Can it really be post-Labor Day already? Weather-wise, it doesn’t seem like it — although we’ve been blessed with cooler temperatures in Maryland for most of the summer, more heat is on the way, and the lack of rain has turned every yard in town a crispy brown. Still, it won’t be long before the flowers start to fade and trees start to shed.
In our neck of the woods, though, Labor Day marks more than just the start of the turn toward autumn; it’s also the beginning of the drop in tourists and out-of-town visitors that make Washington, D.C. such a mess during the summer. Suddenly, public parking lots near the monuments are empty. The Smithsonians look like abandoned, though perfectly-preserved, warehouses, giving you lots of time to stroll and read every sign. The Metro is all but deserted, giving you room to spread out and lay your bags or the newspaper in the seat next to you.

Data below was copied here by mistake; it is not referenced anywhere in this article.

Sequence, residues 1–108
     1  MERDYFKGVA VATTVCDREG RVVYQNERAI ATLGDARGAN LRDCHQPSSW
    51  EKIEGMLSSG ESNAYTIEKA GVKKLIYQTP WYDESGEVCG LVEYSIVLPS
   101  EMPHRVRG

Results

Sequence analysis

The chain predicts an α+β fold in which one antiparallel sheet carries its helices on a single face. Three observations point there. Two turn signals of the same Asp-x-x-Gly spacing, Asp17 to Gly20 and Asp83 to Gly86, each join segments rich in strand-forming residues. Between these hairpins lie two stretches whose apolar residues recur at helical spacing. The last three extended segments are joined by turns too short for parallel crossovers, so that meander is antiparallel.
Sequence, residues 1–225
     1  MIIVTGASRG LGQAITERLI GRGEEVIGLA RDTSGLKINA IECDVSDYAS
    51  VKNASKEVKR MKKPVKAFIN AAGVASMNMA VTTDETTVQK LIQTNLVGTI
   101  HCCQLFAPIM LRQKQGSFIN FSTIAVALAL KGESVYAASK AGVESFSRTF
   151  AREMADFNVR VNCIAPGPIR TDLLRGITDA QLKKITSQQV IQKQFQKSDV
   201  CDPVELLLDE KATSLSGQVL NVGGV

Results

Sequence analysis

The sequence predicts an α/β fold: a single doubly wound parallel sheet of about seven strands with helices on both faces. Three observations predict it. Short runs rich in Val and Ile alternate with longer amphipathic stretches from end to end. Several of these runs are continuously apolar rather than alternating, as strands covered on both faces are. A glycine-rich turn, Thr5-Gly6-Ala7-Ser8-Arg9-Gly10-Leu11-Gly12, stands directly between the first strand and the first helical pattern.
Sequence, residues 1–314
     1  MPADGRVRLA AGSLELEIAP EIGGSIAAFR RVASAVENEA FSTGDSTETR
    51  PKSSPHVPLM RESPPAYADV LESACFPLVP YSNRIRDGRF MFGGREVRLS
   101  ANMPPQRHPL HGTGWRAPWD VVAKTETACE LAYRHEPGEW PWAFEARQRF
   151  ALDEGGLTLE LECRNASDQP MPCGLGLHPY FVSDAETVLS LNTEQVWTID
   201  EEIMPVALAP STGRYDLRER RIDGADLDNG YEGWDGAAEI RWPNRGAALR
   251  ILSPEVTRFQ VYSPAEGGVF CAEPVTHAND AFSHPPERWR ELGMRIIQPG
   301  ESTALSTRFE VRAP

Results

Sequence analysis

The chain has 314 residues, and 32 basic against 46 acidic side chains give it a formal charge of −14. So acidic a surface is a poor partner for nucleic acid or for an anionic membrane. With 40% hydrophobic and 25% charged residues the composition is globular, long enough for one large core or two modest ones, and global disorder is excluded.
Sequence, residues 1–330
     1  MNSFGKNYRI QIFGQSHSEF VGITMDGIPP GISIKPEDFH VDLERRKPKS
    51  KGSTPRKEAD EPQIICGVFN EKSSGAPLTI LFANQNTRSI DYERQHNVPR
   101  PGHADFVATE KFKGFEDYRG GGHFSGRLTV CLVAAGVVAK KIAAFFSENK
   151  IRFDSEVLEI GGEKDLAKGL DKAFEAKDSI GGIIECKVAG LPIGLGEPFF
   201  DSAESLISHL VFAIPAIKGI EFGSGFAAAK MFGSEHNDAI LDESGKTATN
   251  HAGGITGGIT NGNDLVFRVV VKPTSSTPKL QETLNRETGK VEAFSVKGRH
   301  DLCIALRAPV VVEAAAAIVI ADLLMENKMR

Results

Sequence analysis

Barb, Madi and I went into the District on Saturday evening — not yet Labor Day at that time, I know, but the crowds were already down — for a leisurely walk through the Ripley Gallery, where there’s a terrific exhibit on the works of Jim Henson, and a slow stroll through the Natural History Museum, where there was a nature photo exhibit Madi wanted to see. After dinner at the DC Hard Rock Cafe (where we sat below a large frame holding . . . well, somebody’s bandana, we were never sure whose…), we then walked the west end of National Mall to visit some of the sites as the sun was going down.
It was dusk as we stood on the steps of the Lincoln Memorial, with a slight haze as the heat of the day burned off. Looking east from the steps, here’s the view we had: